One of the biggest debates for home care cleaners is whether it’s acceptable or not to move heavy furniture when cleaning, or if they should climb up ladders to dust.
In the past, HelloCare went straight to our followers to find out their thoughts on the topic. We asked our readers if their home care service provider refused to clean underneath furniture or in hard-to-reach places.
The answer? From over 300 votes, it was 218-85 in favour of YES. Unfortunately, that was paired with some disappointment as many home care package recipients wanted to see more thorough cleaning.
Except there’s more to the debate, so we recently went to our Aged Care Workers Support Group to find out exactly why so many home care cleaners are declining a seemingly simple request.
Well, as our group member Shelley explained, sometimes it’s not quite so simple.
“When I was new, I was sent to an existing client, she expected me to put a ladder on the dining room table, climb the ladder and dust antique light fittings,” explained Shelly.
“I straight out said ‘no’. The client was trying to call my bluff, as she knew I was a newbie. They will try to get you to do anything they can.”
Thankfully most clients will not put you in a compromising position. But some will ask you to flip a mattress, wipe down their family heirlooms or clean the ceiling fan.
Although it might seem like a quick and easy task for clients, heavy lifting or awkward climbing could pose an injury risk for workers. One accidental stumble could cause costly damage.
That’s why home care providers typically have policies in place to protect the workers from potential health and safety risks, including restrictions on moving or lifting heavy items, climbing up ladders, and using bleach when cleaning.
Some providers don’t even permit dusting or cleaning objects like Venetian blinds! If that’s the case, home care workers must always stick to what’s outlined in a care plan.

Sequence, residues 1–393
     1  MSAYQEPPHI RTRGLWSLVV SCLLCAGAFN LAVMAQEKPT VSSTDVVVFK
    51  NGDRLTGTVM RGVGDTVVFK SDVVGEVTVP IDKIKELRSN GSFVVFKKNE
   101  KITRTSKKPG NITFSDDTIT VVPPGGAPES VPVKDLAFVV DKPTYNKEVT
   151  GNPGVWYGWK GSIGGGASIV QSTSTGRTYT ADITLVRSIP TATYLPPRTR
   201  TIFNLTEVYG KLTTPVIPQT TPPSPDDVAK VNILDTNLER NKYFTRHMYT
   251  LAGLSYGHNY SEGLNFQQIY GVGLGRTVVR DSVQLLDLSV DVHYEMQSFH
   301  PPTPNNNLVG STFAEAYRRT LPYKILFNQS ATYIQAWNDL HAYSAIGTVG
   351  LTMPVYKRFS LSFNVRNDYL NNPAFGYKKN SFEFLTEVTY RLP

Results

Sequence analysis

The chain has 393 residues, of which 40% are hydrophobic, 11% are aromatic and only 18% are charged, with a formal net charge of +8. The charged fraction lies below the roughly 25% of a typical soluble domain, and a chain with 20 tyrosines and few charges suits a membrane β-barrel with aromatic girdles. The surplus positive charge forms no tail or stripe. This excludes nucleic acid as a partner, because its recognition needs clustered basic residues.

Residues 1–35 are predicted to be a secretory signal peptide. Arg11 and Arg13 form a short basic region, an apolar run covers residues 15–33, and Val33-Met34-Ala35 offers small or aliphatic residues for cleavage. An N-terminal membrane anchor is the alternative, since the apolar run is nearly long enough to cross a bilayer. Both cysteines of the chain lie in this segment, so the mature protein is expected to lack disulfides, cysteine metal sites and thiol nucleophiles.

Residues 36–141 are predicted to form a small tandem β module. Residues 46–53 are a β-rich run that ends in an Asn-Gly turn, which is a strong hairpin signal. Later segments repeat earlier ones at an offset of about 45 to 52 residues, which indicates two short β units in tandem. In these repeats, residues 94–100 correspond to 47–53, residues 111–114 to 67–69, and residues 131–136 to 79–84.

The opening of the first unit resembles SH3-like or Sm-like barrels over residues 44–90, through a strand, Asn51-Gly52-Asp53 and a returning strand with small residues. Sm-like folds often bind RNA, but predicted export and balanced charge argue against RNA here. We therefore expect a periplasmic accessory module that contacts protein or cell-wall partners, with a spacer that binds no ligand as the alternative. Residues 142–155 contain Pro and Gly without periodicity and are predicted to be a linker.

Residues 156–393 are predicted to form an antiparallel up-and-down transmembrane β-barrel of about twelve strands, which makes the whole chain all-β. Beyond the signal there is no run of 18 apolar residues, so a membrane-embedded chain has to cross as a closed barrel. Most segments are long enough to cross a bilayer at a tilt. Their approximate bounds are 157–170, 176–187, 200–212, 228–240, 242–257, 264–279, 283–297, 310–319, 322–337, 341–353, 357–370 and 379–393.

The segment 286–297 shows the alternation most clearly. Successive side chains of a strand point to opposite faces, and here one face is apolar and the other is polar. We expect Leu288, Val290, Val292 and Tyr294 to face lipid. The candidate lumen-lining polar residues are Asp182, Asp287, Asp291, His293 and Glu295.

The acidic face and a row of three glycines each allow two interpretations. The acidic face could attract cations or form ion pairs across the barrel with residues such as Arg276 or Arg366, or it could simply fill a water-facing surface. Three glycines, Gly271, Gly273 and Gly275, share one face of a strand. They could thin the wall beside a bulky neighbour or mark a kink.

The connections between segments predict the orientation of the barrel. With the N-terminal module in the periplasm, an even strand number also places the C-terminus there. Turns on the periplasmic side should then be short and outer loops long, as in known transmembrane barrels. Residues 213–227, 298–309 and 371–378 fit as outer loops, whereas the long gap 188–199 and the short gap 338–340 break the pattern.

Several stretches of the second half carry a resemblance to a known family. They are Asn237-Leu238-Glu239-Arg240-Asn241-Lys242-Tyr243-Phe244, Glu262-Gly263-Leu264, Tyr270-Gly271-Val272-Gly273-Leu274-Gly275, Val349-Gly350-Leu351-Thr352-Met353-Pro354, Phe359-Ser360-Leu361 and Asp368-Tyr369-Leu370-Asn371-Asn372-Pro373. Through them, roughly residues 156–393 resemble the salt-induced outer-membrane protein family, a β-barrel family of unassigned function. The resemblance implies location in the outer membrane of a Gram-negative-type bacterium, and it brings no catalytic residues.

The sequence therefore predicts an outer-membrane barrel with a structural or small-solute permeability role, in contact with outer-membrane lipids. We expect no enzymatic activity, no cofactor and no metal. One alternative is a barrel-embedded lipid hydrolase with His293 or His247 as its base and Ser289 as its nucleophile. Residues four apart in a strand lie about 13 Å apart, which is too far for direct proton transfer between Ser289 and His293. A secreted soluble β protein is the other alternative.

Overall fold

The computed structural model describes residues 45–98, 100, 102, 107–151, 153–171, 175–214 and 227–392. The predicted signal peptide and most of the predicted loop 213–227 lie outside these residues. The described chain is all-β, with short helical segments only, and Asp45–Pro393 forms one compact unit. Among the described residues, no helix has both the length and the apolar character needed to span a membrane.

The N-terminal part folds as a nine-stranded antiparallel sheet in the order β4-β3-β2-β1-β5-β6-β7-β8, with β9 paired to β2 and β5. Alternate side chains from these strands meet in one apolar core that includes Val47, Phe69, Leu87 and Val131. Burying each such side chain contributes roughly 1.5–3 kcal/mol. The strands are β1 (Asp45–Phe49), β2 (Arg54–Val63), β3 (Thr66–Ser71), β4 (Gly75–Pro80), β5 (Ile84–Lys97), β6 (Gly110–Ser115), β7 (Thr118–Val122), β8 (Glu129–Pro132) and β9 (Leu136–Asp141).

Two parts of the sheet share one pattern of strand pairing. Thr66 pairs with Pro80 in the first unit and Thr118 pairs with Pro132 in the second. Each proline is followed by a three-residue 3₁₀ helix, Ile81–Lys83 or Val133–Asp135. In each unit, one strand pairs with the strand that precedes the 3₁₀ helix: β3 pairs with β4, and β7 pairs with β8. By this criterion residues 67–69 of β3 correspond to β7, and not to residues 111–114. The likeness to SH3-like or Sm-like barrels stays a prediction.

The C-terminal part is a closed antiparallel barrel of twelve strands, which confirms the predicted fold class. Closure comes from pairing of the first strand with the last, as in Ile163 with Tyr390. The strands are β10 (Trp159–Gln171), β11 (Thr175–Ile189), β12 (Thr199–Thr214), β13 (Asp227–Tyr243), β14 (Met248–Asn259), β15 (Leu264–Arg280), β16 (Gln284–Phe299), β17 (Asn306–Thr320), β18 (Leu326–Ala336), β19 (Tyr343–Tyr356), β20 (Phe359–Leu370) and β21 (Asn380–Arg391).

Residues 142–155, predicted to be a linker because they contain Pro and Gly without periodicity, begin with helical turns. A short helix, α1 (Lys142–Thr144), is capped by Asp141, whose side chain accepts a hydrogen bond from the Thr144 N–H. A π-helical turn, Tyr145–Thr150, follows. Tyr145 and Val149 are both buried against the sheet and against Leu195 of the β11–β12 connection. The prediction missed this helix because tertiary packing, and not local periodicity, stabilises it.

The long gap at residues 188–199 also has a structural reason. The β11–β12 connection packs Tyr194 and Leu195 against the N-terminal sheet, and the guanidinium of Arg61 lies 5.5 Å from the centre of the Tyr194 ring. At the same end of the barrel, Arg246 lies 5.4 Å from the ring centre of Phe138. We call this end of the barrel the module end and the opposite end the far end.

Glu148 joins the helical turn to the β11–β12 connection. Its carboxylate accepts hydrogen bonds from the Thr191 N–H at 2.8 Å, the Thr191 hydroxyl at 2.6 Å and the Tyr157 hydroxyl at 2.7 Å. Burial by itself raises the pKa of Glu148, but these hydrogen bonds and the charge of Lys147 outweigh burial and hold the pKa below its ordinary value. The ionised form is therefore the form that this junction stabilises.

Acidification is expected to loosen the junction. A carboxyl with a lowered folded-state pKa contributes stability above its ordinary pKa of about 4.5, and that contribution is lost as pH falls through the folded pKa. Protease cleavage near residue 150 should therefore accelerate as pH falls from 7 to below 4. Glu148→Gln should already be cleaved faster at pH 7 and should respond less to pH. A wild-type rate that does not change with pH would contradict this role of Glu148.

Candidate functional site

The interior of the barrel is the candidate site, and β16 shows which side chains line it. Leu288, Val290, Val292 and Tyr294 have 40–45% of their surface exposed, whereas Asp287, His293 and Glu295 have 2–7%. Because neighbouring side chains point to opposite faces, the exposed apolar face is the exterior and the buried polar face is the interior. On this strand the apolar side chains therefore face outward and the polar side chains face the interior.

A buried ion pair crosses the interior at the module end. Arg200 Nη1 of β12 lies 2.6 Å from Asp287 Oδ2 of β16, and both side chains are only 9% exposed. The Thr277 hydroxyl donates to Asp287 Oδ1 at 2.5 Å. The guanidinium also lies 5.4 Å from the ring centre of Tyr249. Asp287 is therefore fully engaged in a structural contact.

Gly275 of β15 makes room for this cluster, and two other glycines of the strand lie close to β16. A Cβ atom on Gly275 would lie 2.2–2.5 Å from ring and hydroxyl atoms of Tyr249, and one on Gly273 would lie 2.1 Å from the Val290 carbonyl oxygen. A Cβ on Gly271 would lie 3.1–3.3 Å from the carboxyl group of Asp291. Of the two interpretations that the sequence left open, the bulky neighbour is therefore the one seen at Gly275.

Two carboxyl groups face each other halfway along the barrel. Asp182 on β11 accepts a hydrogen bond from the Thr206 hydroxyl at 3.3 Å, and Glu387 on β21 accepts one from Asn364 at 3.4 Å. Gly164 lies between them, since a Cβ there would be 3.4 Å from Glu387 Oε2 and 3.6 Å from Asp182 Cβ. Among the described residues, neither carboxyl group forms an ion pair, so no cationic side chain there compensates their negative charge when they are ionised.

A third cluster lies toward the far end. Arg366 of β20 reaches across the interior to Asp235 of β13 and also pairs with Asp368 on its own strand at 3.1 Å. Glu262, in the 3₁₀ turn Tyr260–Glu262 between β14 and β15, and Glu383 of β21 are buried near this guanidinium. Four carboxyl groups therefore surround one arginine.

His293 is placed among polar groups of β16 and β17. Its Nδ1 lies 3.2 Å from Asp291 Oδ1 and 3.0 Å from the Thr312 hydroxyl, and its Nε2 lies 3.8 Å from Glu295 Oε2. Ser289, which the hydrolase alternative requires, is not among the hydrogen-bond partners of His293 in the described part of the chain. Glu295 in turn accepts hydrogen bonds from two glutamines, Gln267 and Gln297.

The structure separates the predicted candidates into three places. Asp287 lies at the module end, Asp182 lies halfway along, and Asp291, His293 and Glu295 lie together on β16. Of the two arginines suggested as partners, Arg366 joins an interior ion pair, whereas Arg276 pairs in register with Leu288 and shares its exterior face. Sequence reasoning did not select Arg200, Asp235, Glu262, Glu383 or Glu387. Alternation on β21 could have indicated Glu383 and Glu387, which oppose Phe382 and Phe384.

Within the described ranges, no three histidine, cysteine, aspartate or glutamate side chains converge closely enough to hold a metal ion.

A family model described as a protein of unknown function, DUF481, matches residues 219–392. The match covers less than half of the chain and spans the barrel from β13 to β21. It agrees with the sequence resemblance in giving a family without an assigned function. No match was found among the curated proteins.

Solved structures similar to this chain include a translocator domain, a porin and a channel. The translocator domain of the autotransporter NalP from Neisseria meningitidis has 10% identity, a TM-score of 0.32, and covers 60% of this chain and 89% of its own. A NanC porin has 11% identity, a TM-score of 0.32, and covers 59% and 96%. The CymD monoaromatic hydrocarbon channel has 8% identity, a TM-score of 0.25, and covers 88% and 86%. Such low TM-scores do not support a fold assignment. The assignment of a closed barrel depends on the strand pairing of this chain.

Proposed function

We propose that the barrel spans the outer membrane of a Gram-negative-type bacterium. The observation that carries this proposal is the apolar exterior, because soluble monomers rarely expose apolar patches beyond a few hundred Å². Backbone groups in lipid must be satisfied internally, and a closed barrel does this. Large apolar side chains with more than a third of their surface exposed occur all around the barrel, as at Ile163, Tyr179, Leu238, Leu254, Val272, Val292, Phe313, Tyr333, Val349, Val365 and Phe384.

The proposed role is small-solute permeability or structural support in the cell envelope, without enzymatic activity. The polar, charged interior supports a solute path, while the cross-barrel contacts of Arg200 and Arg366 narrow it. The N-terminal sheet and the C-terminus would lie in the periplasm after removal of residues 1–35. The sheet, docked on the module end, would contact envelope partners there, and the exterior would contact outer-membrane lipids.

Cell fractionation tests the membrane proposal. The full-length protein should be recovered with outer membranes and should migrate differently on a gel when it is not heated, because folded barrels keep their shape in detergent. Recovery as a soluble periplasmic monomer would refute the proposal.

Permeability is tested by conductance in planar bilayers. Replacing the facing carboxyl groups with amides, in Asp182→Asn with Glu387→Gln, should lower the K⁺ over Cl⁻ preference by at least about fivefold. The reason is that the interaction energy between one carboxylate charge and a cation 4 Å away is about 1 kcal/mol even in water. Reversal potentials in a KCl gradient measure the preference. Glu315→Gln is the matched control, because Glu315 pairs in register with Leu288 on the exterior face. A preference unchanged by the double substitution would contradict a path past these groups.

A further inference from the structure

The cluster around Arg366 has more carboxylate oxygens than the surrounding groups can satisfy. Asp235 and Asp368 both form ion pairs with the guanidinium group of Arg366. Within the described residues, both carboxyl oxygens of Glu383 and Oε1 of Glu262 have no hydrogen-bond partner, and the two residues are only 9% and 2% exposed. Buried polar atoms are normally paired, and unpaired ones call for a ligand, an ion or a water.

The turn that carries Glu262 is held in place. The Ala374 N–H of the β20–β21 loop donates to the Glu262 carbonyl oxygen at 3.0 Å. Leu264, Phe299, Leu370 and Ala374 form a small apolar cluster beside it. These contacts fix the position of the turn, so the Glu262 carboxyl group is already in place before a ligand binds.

“Clients will push to see if you will do something that you shouldn’t, and say another worker has [done it before], but in fact, nobody has,” said group member, Fiona.
“You go in with your care plan, do as it says and if they want something extra, say to them they have to call the office.”
Fiona added that if you’re concerned about client requests, document what they say in an email and let your manager or coordinator know so there’s written evidence.
Protection and caution are essential because you never know what could happen if you’re injured lifting something against company policy. For one, you may not be eligible for workers compensation.
Service providers may not be insured if a piece of furniture was seriously damaged, either. In fact, many professional cleaners have policies against heavy lifting purely because they are not insured for household contents damage.
In addition, you may find yourself spending more time cleaning than you’re supposed to when dusting fiddly ornaments and rearranging decorations. If it’s a must-do task for a client, ask them to book a specific cleaning service to ensure there’s enough time to get everything done.
Importantly, ask yourself whether one task could set a precedent for other care workers. Although it may seem like you are doing a favour for the client, be cautious about what you say yes to as it can often impact other workers as well.
“I once had a lady ask me to flip her mattress over, I refused, and she said ‘well the previous girl who was here did it and she’s a lot smaller than you’ – I phoned the office to report,” said Bec.
“It really irks me that some carers will do the extra that they’re not supposed to do, which leads to the client expecting it all the time.”
So if there is a space that desperately needs to be cleaned, it would be best for a client to organise a friend or family member to lift heavy furniture or climb to reach high spaces.
When you feel pressured, stick to company policy and what is outlined in a client’s care plan. By politely declining risky tasks you can avoid putting yourself in harm’s way and management can talk them through any alternative options if extra tasks are required.
And if you still feel like providing some leeway to clients, Lynda perhaps said it best in our group:
“I know it’s not hard to do a little more if you have the time, things like dusting and moving furniture to clean around and under, but just remember if you hurt yourself you are not covered. It’s nice to just step on the chair to change the light bulb etc but you will end up broken and unemployed.”